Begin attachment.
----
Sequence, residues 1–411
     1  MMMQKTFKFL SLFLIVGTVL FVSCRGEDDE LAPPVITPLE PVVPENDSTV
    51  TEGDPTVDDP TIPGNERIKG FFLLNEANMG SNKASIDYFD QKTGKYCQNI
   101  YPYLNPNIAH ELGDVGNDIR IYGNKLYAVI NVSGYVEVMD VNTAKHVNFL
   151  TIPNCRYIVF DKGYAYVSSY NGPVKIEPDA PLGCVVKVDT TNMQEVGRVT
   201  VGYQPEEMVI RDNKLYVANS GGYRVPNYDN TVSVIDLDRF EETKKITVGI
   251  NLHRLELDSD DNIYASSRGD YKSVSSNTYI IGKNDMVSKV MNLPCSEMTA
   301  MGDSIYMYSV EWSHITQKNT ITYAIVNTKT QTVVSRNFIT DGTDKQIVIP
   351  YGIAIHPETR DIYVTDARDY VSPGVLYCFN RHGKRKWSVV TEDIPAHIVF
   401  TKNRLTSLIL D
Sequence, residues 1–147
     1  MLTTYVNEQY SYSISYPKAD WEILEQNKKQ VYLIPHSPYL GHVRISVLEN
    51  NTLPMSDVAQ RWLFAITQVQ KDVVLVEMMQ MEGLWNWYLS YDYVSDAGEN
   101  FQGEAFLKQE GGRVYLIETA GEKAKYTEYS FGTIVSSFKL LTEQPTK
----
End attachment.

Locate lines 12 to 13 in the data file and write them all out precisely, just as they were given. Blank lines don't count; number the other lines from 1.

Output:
     1  MLTTYVNEQY SYSISYPKAD WEILEQNKKQ VYLIPHSPYL GHVRISVLEN
    51  NTLPMSDVAQ RWLFAITQVQ KDVVLVEMMQ MEGLWNWYLS YDYVSDAGEN